What is missing?
· These approaches focus on fairly low-level and/or interpersonal crimes of violence. This disregards the crimes of the powerful and environmental crimes.
· Whyte points out that there is no logical reason why such activities should not be included in the crime and disorder partnership agendas- yet despite their potential and actual effect on the health of local communities, they are not.
Punishment - Reduction..
· One measure that many believe in crime prevention is of course punishment. Two main justifications have been offered for punishment; reduction and retribution.
Reduction - One justification for punish offenders is that it prevents future crime. This can be done through:
· Deterrence- Punishing the individual discourages them from future offending. ‘Making an example’ of them may also serve as a deterrent to the public at large.
Rehabilitation is the idea that punishment can be used to reform or change offenders so they no longer offend. Rehabilitation policies include providing education so they are able to ‘earn an honest living’ on release.
Incapacitation is the use of punishment to remove the offender’s capacity to offend again. Policies have included imprisonment, execution etc. Incapacitation has proved increasingly popular with politicians, with the American ‘three strikes and you’re out’ policy and the view that ‘prison works’ because it removes offenders from society.
· This justification is an instrumental one- punishment is a means to an end, namely crime reduction.
Punishment - Retribution..
· Retributions means ‘paying back’. It is a justification for punishing crimes that have already been committed, rather than preventing future crimes. It is based on the idea that offenders deserve to be punished.
· Furthermore, society is entitled to take its revenge on the offender for having breached its moral code. This is an expressive rather than instrumental view of punishment- it expresses society’s outrage.
Durkheim: a functionalist perspective..
Durkheim argues that the function of punishment is to uphold social solidarity and reinforce shared values. Punishment expresses society’s emotions of moral outrage at the offence. Through rituals of order, society’s shared values are reaffirmed and its members come to feel a sense of moral unity.
Durkheim identifies two types of justice, corresponding to two types of society.
· Retributive justice- In traditional society, there is little specialisation, and solidarity between individuals is based on their similarity to one another. This produces a strong collective conscience. Punishment is severe and cruel, and its motivation is purely expressive.
· Restitutive justice- Durkheim calls this Restitutive justice, because it aims to make restitution- to restore things to how they were before the offence. Its motivation is instrumental, to restore society’s equilibrium. Punishment is still an expressive element, because it still expresses collective emotions.
In reality, traditional societies often have Restitutive rather than retributive justice.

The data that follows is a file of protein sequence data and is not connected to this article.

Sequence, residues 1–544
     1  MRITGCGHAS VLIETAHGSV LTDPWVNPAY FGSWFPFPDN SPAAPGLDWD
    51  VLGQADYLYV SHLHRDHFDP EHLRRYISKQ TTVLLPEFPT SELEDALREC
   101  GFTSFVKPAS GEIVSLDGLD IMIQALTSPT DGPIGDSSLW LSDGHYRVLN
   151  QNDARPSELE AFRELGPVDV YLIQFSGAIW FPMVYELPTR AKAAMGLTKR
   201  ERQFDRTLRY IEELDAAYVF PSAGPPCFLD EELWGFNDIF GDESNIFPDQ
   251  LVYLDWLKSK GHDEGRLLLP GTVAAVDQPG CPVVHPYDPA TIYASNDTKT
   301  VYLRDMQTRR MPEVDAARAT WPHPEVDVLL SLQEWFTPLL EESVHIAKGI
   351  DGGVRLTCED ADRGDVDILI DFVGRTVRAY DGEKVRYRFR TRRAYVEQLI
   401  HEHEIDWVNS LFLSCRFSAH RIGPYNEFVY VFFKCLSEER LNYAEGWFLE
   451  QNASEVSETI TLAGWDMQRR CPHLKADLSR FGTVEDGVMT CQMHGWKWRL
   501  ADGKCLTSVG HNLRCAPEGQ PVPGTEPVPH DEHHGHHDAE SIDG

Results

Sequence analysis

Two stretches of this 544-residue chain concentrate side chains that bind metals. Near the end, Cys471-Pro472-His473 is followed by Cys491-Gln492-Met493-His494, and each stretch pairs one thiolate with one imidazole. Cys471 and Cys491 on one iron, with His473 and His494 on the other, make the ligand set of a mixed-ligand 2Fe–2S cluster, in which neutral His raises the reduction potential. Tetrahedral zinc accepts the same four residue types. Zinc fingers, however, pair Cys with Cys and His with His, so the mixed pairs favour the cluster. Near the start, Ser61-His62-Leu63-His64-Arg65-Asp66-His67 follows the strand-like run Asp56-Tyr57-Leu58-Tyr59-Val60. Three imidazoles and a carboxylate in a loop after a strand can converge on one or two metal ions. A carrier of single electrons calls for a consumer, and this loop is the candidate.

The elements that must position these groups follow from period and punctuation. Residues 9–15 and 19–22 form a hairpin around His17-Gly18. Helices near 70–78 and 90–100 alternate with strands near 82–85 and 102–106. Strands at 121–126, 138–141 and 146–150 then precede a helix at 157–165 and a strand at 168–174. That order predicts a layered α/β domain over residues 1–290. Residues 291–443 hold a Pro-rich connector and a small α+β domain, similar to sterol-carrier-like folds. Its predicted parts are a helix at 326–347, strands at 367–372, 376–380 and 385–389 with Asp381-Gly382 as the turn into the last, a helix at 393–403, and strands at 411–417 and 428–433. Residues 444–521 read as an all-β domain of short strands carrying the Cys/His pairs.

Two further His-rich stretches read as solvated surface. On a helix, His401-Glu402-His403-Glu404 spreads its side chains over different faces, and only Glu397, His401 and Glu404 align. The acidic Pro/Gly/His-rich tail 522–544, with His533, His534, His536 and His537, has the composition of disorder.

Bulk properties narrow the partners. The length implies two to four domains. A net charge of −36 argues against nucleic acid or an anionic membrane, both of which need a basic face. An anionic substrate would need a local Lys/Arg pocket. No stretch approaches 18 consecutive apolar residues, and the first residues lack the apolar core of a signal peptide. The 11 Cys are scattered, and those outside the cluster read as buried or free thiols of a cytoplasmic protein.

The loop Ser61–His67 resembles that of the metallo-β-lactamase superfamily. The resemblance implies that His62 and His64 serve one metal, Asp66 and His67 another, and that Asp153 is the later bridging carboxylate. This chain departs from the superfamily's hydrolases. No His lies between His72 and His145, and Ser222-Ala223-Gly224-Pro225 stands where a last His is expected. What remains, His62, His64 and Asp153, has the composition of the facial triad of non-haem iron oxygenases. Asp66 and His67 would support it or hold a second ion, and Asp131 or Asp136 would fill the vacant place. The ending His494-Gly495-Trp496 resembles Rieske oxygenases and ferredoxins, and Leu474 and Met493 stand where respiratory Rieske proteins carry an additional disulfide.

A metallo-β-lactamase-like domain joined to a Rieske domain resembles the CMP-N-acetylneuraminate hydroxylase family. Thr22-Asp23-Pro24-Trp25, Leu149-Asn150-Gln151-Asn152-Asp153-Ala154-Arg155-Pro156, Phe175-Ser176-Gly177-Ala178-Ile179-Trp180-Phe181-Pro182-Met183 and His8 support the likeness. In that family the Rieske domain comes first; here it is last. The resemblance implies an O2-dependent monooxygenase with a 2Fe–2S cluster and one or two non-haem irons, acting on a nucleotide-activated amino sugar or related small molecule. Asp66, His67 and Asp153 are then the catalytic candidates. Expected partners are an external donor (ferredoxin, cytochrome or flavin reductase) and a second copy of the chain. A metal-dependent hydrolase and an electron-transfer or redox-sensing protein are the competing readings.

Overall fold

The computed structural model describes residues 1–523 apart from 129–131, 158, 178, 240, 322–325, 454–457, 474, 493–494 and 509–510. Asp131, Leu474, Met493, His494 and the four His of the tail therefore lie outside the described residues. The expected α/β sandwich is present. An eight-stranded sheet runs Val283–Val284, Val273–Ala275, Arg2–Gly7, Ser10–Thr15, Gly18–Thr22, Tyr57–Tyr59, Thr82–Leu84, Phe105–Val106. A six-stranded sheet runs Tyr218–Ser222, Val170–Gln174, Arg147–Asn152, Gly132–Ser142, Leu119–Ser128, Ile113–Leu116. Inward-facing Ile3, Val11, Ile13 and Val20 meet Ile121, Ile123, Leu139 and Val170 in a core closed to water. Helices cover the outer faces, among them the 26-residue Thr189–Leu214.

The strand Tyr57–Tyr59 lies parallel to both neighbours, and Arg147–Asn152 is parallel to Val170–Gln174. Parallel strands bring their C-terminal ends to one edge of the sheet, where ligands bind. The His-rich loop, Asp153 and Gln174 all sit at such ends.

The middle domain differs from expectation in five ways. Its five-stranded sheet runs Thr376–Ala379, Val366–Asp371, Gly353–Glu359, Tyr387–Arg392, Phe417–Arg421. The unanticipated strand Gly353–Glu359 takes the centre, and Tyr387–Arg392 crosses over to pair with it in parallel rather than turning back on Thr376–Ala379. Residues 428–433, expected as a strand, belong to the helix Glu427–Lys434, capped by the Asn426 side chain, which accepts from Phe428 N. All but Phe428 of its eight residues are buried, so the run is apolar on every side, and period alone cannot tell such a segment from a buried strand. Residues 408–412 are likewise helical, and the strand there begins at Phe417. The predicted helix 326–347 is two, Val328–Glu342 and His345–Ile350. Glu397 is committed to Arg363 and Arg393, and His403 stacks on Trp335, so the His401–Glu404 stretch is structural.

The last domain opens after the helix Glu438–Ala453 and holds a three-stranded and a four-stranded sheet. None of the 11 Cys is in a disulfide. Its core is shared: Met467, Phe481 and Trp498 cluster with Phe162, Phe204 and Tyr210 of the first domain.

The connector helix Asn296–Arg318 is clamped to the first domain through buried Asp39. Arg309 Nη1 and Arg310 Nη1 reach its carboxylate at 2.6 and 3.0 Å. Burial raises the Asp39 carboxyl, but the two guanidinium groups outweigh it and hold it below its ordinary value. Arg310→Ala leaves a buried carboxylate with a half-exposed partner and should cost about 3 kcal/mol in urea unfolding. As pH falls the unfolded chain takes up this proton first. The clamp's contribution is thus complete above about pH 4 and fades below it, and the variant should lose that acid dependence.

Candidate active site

Marxism: capitalism and punishment..
For Marxists, the function of punishment is to maintain the existing social order. As part of the RSA, it is a means of defending ruling-class property against the lower classes.
The form of punishment reflects the economic base of society. As Rusche and Kirchheimer argue, under capitalism, imprisonment becomes the dominant form of punishment because of capitalist economy is based on the exploitation of wage labour.
Foucault: birth of the prison - Foucault opens with a striking contrast between two different forms of punishment, which he sees as examples of sovereign power and disciplinary power.
· Sovereign power was typical of a period before the 19th century when the monarch had power over people and their bodies. Inflicting punishment on the body was the means of asserting control. Punishment was a spectacle e.g. public execution.
· Disciplinary power becomes dominant from the 19th century. In this form of control, a new system of discipline seeks to govern not just the body, but the mind or ‘soul’. It does so through surveillance.
- In Foucault's view, disciplinary power has now infiltrated ever part of society, bringing its effects to the human 'soul'. Thus he argues that the change in the form of punishment from sovereign to disciplinary power also tells us about how power operates in society as a whole.
The changing roles of prisons..
· Until the 18th century, prison was used mainly for holding offenders prior to their punishment. It was only following the Enlightenment that imprisonment began to be seen as a form of punishment itself.
Imprisonment is regarded as the most severe form of punishment. However, it is not proved an effective method of rehabilitation- about two thirds of prisoners commit further crimes on release. Many critics regard prisons as simply an expensive way of making bad people worse.
· 'Populist punitiveness' is where politicians seek to gain electoral popularity by promising tougher sentences for offenders. As a result, the prison population has grown by 70% to a total of 77,000 from 1993 to 2005.